How to create fraud-resistant unsupervised assessments

Guiding principles & background information

In order to give students grades that reliably represent how well they master the learning objectives (LOs) of a course, we must:

  1. Assess these learning objectives (and nothing more).
  2. Make sure that students deliver work that reflects their own level of  LO mastering.

In other words, we must prevent and detect fraud, and make sure that students can perform optimally during the exam.

Definition of fraud
This is the TU Delft definition of fraud:

“Fraud is taken to mean any act or omission by a student that makes it fully or partially impossible to properly assess the knowledge, insight and skill of that student or another student.”

Source: the model Rules and Guidelines of the Boards of Examiners, article 7.1

Fraud prevention measures versus student performance
Fraud prevention measures should not hinder student performance during the assessment. They should contribute to the quality requirements and values for assessment, respect the privacy of students, and the other eight requirements for remote assessment.

Fraud suspicions, decisions, and appeals

  • Suspicion: Examiners must be vigilant of fraud and report any suspicion of fraud to their Board of Examiners, following the procedure of their Board of Examiners (see the Rules and Guidelines that are applicable to your course)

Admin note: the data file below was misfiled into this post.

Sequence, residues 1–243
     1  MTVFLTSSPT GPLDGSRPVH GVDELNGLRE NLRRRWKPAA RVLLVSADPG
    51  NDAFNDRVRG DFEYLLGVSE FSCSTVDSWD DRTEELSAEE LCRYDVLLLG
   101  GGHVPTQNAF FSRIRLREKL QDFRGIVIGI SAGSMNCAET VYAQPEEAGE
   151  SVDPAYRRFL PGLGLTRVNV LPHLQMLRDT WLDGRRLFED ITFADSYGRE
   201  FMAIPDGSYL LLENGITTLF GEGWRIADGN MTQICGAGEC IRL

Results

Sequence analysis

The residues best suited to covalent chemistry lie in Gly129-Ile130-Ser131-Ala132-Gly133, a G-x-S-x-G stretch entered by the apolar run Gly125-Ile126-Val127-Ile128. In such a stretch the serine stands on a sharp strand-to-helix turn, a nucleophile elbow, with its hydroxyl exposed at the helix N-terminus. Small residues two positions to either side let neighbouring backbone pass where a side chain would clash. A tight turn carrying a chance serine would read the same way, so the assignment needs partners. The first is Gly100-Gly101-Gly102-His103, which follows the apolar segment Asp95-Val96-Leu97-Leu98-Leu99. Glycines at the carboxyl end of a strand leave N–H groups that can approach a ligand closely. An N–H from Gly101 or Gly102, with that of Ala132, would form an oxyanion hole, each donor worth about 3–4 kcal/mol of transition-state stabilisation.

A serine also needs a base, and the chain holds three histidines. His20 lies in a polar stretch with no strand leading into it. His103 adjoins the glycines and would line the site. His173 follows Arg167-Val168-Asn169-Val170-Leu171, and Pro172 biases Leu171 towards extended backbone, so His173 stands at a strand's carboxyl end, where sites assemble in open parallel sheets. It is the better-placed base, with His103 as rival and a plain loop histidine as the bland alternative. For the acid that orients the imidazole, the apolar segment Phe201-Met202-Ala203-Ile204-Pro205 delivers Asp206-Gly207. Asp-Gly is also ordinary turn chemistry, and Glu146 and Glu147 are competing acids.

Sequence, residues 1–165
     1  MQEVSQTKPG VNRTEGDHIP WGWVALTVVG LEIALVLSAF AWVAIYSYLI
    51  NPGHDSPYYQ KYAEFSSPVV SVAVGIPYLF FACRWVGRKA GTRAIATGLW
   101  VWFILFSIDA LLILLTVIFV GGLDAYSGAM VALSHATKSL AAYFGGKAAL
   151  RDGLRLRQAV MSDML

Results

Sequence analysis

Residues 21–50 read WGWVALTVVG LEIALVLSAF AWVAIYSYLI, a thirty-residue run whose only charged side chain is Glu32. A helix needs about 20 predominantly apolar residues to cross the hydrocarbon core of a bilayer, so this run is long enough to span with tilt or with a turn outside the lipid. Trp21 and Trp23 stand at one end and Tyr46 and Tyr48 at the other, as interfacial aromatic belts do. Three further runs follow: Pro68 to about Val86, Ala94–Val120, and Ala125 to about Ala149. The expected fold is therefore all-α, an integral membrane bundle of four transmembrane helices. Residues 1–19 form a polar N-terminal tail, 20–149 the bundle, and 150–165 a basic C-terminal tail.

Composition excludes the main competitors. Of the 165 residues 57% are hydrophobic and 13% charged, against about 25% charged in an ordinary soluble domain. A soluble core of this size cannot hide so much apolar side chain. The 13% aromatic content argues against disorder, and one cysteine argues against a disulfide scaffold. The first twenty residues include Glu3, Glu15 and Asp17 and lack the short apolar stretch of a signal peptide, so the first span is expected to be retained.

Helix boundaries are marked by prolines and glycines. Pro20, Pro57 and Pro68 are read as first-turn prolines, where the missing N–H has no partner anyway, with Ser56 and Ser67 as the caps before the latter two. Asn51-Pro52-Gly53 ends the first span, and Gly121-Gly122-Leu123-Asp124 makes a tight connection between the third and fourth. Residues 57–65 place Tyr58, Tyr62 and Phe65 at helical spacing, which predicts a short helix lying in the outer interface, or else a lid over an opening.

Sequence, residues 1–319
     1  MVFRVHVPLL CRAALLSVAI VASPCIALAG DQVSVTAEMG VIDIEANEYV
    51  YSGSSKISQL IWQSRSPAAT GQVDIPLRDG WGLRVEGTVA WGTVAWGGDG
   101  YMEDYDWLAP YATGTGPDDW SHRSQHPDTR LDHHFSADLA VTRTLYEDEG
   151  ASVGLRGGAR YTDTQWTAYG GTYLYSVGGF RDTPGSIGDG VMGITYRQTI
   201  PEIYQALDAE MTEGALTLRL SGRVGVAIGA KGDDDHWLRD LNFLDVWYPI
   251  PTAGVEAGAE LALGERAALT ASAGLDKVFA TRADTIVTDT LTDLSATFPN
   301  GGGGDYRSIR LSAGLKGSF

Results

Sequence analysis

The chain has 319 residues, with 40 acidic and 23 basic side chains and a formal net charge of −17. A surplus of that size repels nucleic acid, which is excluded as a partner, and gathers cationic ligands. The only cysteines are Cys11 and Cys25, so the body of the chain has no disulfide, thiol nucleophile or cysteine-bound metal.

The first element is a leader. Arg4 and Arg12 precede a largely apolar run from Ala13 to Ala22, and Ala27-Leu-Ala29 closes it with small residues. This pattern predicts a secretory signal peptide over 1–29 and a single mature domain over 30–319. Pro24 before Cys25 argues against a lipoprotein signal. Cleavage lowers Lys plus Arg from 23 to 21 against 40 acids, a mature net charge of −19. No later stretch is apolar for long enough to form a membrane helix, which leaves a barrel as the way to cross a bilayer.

• Decision: The Board of Examiners (BoEx) of the student’s programme decides whether it is an actual case of fraud, and decides upon disciplinary measures for the student (i.e. it is not the examiner who decides this).
  • Appeal: Students can appeal against the decisions of the BoEx to the Examination Appeals Board (EAB, Dutch: College van beroep voor de examens, CBE), and they can appeal against the decisions of the EAB to the Council of State (Dutch: Raad van State; NB, there used to be a Higher Educational Appeals Tribunal until 1 January 2023, Dutch: College van Beroep voor het hoger onderwijs, CBHO). The examiner can be heard by the Board and Council.

Unsupervised assessments

  1. Grades should represent how well individual students master the learning objectives.
  2. TU Delft students want their degree to reflect how that they meet the final attainment levels, and they want their grades to reflect their personal performance that they can be very proud of, so they will not commit fraud.
  3. Students are more likely to commit fraud if they know that students who commit fraud will not get caught.

In unsupervised assessments, there is some level of uncertainty as to whether the delivered work is (solely) the product of the student(s) who handed it in. Examiners can take measures to ensure that this was the case. These measures are described below.

Use of (AI) tools
Lecturers are advised to discuss with their students whether and how students may use tools like ChatGPT and other sources like Studeersnel, and how students should report their use of these tools in their deliverables. Most importantly, explain the background of your standpoint. Beside AI tools, there are many other (online) tools and sources available that students can use to come up with correct answers, while they do not master the learning objectives (e.g. Studeersnel etc.).

1. Prevent fraud during the course (before the assessment)